Many of my clients struggle with excess weight, body dissatisfaction, and low self-esteem. They want to feel good in their skin, so they diet, they exercise, they struggle for the lower number on the scale, the thinner silhouette in the mirror. If they achieve their goals, they may feel a temporary boost of self-confidence, but eventually the junk food in the cupboard calls, their willpower wanes, their waistline expands, and their self-esteem plummets again. When weight loss is viewed as an act of self-depravation or punishment it is destined to fail sooner or later.
You only get one body for your whole life, and this incredible organism allows you to experience and interact with the world. Your eyes allow you to see the sunrise, your brain holds all your memories, your legs carry you through every adventure and journey you pursue, your arms allow you to hug the people you love, and your hands allow you to do work that makes the world a better place. No matter what the size, your body is a gift and a treasure. Treat it as such. Stop measuring it, weighing it, judging it, criticizing it, and hiding it. Value it.
John Mayor sings: “love is a verb”. What is he saying? Love is more than just feelings. It is care and generosity toward something that you value. Love is a steady stream of actions. Do you want to feel good about yourself? Do you want to love your body? Then start treating it like something you love. Care for your body. Let it sleep when it is exhausted. Fill it with foods that are nutritious and life giving. When your stomach is a cranky toddler screaming for more cookies, kindly offer it an apple instead. Go for a walk, a run, or a swim because your body is made to move and it feels best when used. Join a yoga class and help your poor body relieve some of that stress it is constantly carrying around. Get a massage. Drink more water. Your body will most likely thank you by looking and feeling better when you treat it well.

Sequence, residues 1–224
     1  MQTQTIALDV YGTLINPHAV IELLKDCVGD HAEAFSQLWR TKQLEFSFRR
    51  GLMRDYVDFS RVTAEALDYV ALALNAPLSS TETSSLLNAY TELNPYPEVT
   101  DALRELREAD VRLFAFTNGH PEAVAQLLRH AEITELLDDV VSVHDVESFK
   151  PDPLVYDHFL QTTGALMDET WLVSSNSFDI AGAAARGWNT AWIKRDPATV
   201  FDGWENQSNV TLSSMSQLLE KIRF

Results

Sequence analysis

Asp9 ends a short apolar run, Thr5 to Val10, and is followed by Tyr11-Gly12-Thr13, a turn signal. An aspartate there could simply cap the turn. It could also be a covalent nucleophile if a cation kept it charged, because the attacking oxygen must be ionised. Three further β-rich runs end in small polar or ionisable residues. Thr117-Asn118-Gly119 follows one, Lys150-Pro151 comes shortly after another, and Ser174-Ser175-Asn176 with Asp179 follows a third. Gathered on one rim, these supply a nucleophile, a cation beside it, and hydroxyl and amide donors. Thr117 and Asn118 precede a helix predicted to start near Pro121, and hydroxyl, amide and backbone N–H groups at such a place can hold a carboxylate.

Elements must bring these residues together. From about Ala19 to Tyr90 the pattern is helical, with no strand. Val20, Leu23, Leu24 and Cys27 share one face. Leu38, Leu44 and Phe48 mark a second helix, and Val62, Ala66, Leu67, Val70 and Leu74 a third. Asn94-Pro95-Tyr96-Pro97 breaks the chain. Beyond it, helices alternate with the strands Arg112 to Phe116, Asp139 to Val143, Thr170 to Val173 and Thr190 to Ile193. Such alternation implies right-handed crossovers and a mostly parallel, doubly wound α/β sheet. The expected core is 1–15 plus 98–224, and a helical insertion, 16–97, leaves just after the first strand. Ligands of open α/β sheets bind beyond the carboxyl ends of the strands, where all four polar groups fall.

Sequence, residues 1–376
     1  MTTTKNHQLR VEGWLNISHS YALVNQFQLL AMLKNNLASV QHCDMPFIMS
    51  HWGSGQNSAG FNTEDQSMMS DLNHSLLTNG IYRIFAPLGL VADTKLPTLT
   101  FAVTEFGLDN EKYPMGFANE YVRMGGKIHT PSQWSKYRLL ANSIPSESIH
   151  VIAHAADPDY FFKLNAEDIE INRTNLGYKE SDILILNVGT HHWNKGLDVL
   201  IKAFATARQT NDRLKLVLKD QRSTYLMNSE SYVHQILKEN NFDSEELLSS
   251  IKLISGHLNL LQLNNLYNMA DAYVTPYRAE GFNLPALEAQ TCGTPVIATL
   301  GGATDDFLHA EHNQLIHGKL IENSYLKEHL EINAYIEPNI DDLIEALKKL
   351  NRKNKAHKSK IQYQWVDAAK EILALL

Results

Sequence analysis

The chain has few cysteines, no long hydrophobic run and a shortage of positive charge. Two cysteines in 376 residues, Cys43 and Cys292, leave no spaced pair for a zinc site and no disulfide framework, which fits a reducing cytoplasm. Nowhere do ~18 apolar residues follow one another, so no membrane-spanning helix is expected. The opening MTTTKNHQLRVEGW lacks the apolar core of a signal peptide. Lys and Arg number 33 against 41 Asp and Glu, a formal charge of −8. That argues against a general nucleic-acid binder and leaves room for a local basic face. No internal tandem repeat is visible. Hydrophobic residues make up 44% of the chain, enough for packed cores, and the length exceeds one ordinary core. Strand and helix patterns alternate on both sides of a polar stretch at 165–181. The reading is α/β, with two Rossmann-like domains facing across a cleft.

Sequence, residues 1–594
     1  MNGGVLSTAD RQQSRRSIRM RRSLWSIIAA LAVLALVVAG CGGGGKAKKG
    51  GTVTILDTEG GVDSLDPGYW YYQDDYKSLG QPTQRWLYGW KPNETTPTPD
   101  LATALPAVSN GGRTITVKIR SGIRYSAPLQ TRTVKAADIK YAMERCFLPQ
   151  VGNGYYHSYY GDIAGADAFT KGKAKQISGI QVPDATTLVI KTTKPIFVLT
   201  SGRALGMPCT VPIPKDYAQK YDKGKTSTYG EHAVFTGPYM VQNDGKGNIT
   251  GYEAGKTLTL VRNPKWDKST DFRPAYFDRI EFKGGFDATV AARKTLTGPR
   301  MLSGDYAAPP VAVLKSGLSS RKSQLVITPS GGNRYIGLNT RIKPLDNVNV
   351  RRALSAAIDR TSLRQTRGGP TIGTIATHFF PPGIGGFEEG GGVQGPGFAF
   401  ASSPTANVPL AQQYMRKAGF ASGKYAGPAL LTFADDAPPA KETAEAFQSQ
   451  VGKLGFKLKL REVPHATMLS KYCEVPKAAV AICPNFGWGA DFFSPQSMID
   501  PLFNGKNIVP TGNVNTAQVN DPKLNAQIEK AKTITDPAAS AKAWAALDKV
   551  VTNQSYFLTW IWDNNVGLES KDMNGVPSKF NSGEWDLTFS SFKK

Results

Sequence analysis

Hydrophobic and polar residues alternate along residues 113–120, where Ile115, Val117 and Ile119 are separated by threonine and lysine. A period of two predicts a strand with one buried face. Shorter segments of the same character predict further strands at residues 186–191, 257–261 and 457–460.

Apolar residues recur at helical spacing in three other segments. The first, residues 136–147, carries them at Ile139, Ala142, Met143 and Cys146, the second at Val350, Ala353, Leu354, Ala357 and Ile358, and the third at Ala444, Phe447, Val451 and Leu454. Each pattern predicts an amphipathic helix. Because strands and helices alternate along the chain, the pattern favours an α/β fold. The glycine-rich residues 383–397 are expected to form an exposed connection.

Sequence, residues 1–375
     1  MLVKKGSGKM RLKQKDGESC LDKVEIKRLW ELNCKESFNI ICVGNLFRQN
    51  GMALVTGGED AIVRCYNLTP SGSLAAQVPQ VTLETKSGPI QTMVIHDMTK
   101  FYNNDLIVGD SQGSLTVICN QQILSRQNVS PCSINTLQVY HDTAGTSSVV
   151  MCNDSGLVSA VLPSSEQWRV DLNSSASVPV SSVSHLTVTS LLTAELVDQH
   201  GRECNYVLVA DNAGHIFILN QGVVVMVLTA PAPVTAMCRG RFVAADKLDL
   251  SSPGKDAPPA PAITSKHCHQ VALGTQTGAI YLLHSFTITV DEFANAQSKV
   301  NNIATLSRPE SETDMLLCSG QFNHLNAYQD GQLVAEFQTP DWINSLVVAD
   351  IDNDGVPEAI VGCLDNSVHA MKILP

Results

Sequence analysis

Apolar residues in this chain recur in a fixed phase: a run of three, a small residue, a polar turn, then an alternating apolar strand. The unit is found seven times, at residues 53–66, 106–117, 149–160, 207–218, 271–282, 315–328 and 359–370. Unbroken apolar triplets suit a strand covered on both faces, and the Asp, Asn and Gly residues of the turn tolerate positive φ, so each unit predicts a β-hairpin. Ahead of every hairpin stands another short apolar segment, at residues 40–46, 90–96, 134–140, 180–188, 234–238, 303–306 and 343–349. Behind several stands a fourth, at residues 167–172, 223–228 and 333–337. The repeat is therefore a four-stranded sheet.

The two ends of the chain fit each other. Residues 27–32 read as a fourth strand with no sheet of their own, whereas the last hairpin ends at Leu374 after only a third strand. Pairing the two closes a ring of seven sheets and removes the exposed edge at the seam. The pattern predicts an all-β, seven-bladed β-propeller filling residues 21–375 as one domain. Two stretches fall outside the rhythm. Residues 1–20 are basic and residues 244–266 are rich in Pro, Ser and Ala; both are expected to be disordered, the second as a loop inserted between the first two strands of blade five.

And as for your self-image, remember that feelings follow behavior. So, as you choose this path of healthy living (motivated by a spirit of compassion and kindness, rather than self-deprivation and shame), you will gradually grow in confidence self-respect. The simple truth is this: the way to love your body is to love your body. If this is a struggle for you, get some outside help. Find a friend or counselor who can encourage and support you along the way.
Carla Munger, MA LMHC